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Mon11202017

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Climate Change

Lisa Jackson's legacy at the Environmental Protection Agency

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altAs Lisa Jackson gets ready to step down as head of the EPA shortly after the president's inauguration later this month, she is being hailed by environmentalists for pushing through the toughest new air and water pollution rules in over two decades, and speaking out on climate change in an administration that has largely avoided confronting the issue head-on.

Jackson is admired even by some of her critics. Republican James M Inhofe of Oklahoma, a leading Senate opponent of environmental legislation, referred to the charming Jackson as "my favorite bureaucrat".

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How will climate change impact on fresh water security?

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altFresh water is crucial to human society – not just for drinking, but also for farming, washing and many other activities. It is expected to become increasingly scarce in the future, and this is partly due to climate change.

Understanding the problem of fresh water scarcity begins by considering the distribution of water on the planet. Approximately 98% of our water is salty and only 2% is fresh. Of that 2%, almost 70% is snow and ice, 30% is groundwater, less than 0.5% is surface water (lakes, rivers, etc) and less than 0.05% is in the atmosphere. Climate change has several effects on these proportions on a global scale. The main one is that warming causes polar ice to melt into the sea, which turns fresh water into sea water, although this has little direct effect on water supply.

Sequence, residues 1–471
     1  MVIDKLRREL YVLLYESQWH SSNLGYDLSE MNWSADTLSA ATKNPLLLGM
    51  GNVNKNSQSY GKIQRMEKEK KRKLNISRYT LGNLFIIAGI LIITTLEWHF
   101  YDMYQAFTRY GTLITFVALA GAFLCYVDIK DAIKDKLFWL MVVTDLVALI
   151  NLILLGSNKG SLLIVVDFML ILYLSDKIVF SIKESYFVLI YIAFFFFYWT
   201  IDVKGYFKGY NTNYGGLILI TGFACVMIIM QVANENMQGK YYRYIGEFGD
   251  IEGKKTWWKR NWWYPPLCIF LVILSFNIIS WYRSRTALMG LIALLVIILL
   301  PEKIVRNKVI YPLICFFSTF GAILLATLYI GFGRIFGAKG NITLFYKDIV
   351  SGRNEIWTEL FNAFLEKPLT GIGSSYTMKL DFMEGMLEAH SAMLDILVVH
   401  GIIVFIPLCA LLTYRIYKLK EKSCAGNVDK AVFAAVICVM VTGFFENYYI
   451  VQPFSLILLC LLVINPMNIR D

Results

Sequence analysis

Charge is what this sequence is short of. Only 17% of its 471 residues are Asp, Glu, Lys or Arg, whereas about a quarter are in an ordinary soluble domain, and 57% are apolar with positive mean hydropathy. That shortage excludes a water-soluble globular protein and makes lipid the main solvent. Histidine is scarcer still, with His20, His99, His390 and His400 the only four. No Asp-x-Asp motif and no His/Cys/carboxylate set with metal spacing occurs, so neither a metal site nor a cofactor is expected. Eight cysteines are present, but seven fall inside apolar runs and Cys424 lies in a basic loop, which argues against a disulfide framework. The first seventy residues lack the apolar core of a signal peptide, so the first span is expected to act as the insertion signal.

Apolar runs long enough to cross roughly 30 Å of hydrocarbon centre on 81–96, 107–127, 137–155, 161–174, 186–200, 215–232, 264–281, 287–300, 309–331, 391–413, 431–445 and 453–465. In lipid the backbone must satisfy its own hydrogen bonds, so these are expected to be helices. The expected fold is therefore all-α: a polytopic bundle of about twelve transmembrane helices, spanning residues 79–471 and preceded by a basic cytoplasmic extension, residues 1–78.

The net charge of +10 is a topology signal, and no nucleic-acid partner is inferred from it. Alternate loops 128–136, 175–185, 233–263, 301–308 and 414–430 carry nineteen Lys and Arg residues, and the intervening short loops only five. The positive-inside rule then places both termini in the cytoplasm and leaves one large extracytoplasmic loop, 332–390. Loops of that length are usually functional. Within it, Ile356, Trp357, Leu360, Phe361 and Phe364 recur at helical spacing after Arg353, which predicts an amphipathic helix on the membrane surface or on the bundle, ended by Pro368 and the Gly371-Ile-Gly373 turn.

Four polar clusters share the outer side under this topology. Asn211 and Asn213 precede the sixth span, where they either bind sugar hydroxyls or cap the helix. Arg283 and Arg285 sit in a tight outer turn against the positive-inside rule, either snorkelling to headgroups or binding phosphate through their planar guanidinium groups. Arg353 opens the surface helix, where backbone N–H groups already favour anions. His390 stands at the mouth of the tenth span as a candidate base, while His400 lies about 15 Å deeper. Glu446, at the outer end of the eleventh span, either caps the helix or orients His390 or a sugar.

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China and US hold the key to a new global climate deal

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altChina and the US are to be the clear focus of the next year of climate change negotiations, following a hard-fought climate conference that ended in Doha on Saturday night.

The world's two biggest emitters of greenhouse gases hold the key to forging a new global agreement on climate change, that for the first time would bind both developed and developing countries to cut their emissions. But both face severe political problems that will make the talks for the next few years extremely difficult.

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Young people doing their bit to improve the environment

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altYoung people from all over Europe are working with broadcasters to create films about improving their environment.

What are the small things they can do to make a big change? How can they all do something to make their planet more sustainable? Simple. They each need to do a little bit. That's the idea of Energy Bits.

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Why cutting CO2 is more important than stopping methane

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altGlobal warming is caused by a whole host of gases and particles. In addition to the chief villain – carbon dioxide from fossil fuel use – two of the most important are methane and nitrous oxide, both of which are generated in large quantities by agriculture and fossil fuel extraction, among other sources. Then there are all the refrigerant gases used in the world's air conditioners, fridges and freezers; the soot generated by cars, industrial plants and cooking fires the world over; and even the vapour trails left by in the sky by aircraft.

With so many warming agents at work, companies and governments are often faced with complex and even controversial decisions about which ones to prioritise. The debate stems from the fact that the various gases and particles operate at very different timescales. Carbon dioxide, nitrous oxide and some refrigerants stay in the air for centuries or even millennia, locking in warming for all the time they are there. The others – collectively know as short-lived climate pollutants or SLCPs – create a burst of warming that is powerful but brief. Soot's impact is gone within a few weeks. Methane stays in the air for an average of around 12 years (confusingly, it then becomes CO2) and hydroflurocarbons, used in refrigeration and insulation foam, typically last around 15 years.

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